Nonprofit organizations that have a current and comprehensive marketing plan bring in, on average, 2.2 times more donations than organizations that do not. Does your nonprofit marketing plan meet that definition?Nonprofits that have a current marketing plan bring in, on average, 2.2 times more donations. Click To Tweet
Here are four signs it’s time to update your nonprofit marketing plan
1. You haven’t outlined specific, achievable goals
Your organization’s mission is the compass that should guide you through every decision you make and every activity you pursue. Now, are the right goals in place to achieve that mission? If not, it’s time to rethink your nonprofit marketing plan, and goals are a great place to start.
Effective marketing goals are both measurable and realistically achievable within your organization’s means. For example, a set of goals for a housing and human services nonprofit focused on improving self-sufficiency among those in poverty might include:
- House 100 people in the next 12 months
- Provide job training for 1,000 people in the next 12 months
- Raise $100,000 in unrestricted funds in the next 12 months
- Attract 500 new donors who give at least $1000 each in the next 12 months
And as you work to achieve those goals, identifying the right key performance indicators (KPIs) will be crucial. In your marketing plan, spell out the specific metrics will you measure in relation to each goal to determine if you’ve succeeded, and identify specific member(s) of your team who will be held accountable for each one.
2. You’re struggling to plan for marketing activities and delegate responsibilities
Is your nonprofit operating without a calendar that defines what activities will happen when? If so, you’re not alone. Many nonprofit communications teams work reactively rather than proactively, simply responding to needs from other departments as they come up. Others feel they can get away with “winging it” when it comes to their marketing activities because leaders are in place who have been with the organization for a long time. But without a marketing calendar, most teams struggle with both efficiency and effectiveness. If your marketing plan is missing a schedule of activities, it’s probably time you revisited it.
With a marketing calendar that maps out important activities in advance, you can also better define responsibilities and delegate items to the appropriate parties. With advance notice, these parties will be able to plan ahead and work ahead, and it will also be easier to hold people accountable to their responsibilities.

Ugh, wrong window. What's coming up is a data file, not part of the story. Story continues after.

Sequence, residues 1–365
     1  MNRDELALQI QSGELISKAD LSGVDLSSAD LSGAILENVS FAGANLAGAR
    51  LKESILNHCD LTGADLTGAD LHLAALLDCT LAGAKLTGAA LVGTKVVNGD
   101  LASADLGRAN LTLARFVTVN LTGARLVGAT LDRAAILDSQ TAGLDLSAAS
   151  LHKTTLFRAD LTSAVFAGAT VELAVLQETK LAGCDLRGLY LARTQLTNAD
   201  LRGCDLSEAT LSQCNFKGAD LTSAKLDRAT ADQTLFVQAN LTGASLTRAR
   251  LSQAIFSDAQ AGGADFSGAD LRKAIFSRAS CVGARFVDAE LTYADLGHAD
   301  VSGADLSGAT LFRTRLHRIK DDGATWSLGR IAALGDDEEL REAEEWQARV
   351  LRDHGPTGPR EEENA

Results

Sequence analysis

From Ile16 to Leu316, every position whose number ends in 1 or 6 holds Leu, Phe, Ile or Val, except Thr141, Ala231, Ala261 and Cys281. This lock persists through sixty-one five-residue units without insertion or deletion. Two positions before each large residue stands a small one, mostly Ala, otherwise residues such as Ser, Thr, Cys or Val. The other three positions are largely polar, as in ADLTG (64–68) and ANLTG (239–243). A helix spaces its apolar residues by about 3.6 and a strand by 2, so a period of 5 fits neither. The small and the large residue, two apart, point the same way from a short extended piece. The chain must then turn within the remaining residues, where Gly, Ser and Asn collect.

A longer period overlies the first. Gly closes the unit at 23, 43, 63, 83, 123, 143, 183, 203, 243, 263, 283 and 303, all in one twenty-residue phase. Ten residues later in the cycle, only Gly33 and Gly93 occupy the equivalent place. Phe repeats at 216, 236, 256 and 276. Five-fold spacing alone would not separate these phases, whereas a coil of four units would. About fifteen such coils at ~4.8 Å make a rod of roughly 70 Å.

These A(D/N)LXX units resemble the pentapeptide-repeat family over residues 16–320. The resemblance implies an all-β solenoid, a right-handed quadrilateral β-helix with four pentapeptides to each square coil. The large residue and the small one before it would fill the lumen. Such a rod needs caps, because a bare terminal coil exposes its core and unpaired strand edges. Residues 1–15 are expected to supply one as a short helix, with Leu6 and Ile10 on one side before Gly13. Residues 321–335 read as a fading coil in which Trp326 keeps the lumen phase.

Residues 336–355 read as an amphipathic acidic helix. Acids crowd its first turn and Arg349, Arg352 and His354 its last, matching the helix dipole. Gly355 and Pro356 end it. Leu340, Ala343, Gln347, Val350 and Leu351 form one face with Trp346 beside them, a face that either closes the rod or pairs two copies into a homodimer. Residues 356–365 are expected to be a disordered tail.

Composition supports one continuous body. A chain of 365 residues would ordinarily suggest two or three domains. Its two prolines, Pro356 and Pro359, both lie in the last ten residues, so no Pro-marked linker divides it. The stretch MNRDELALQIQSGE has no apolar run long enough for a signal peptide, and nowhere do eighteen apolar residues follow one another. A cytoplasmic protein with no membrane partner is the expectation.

3. Your value proposition has changed and your messaging is disjointed
As your organization matures, your value proposition to donors, volunteers, program participants and others will inevitably evolve. You may add new programs and services that change the way you communicate about what you do, or your vision and mission may simply shift as you grow and continually re-evaluate your strategic plan.
If your last marketing plan was developed with a value proposition in mind that is no longer representative of your organization today and if your messaging feels disjointed as a result, it’s likely time to go back to the drawing board.
Every nonprofit marketing plan should include a set of key messages that can be used to describe your value proposition across communication channels and stakeholder groups. To arrive at these key messages, we often help our clients conduct stakeholder interviews, focus groups and/or surveys to determine how various players think about their organization and what matters most to each of them. Then, we work with them to create stakeholder profiles for each group and to arrive at a set of brand benefits or key communication points that speak to their value proposition. Finally, we write a key message for every brand benefit and stakeholder pairing. We find this process helps our nonprofit clients articulate their value proposition in a way that is more resonant with each audience they aim to engage, and it’s no surprise that clients who refer to their key messages regularly have far clearer and more consistent communications.
4. Your budget has decreased or increased significantly
Nonprofit marketing budgets are constantly shifting. One month, you might receive a grant that opens up new opportunities for your organization. The next month, you may have to cut back on marketing investments to make up for a budgetary shortfall in other departments. Staying agile is key, and your marketing plan should be built with flexibility in mind.
But if your budget has increased or decreased significantly, it may be time to do a bigger overhaul of your marketing plan. The goals your plan once focused on and tactics and timelines for pursuing those goals may no longer make sense if you find yourself dealing with a dollar amount that is significantly more or less than what you originally planned for. Trying to force fit a marketing plan into a new budget can be a recipe for disaster.